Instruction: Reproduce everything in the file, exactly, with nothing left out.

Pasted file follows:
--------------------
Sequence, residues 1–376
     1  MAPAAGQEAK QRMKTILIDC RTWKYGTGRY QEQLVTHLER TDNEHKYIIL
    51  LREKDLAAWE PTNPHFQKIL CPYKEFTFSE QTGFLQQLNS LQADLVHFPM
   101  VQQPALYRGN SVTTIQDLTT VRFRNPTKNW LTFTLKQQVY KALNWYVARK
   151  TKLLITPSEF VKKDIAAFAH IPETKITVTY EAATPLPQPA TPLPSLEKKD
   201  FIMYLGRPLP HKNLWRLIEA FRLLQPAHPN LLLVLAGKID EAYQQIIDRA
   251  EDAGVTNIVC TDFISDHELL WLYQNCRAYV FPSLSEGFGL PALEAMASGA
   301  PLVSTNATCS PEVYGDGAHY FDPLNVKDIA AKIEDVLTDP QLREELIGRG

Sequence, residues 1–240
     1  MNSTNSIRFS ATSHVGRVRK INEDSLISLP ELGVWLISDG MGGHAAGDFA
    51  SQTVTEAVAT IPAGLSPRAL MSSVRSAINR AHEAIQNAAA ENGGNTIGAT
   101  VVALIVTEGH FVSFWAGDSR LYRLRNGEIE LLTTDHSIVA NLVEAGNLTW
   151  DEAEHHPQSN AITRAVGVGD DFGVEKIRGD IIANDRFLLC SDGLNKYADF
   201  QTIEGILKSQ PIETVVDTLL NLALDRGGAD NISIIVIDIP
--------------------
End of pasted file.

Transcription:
Sequence, residues 1–376
     1  MAPAAGQEAK QRMKTILIDC RTWKYGTGRY QEQLVTHLER TDNEHKYIIL
    51  LREKDLAAWE PTNPHFQKIL CPYKEFTFSE QTGFLQQLNS LQADLVHFPM
   101  VQQPALYRGN SVTTIQDLTT VRFRNPTKNW LTFTLKQQVY KALNWYVARK
   151  TKLLITPSEF VKKDIAAFAH IPETKITVTY EAATPLPQPA TPLPSLEKKD
   201  FIMYLGRPLP HKNLWRLIEA FRLLQPAHPN LLLVLAGKID EAYQQIIDRA
   251  EDAGVTNIVC TDFISDHELL WLYQNCRAYV FPSLSEGFGL PALEAMASGA
   301  PLVSTNATCS PEVYGDGAHY FDPLNVKDIA AKIEDVLTDP QLREELIGRG

Sequence, residues 1–240
     1  MNSTNSIRFS ATSHVGRVRK INEDSLISLP ELGVWLISDG MGGHAAGDFA
    51  SQTVTEAVAT IPAGLSPRAL MSSVRSAINR AHEAIQNAAA ENGGNTIGAT
   101  VVALIVTEGH FVSFWAGDSR LYRLRNGEIE LLTTDHSIVA NLVEAGNLTW
   151  DEAEHHPQSN AITRAVGVGD DFGVEKIRGD IIANDRFLLC SDGLNKYADF
   201  QTIEGILKSQ PIETVVDTLL NLALDRGGAD NISIIVIDIP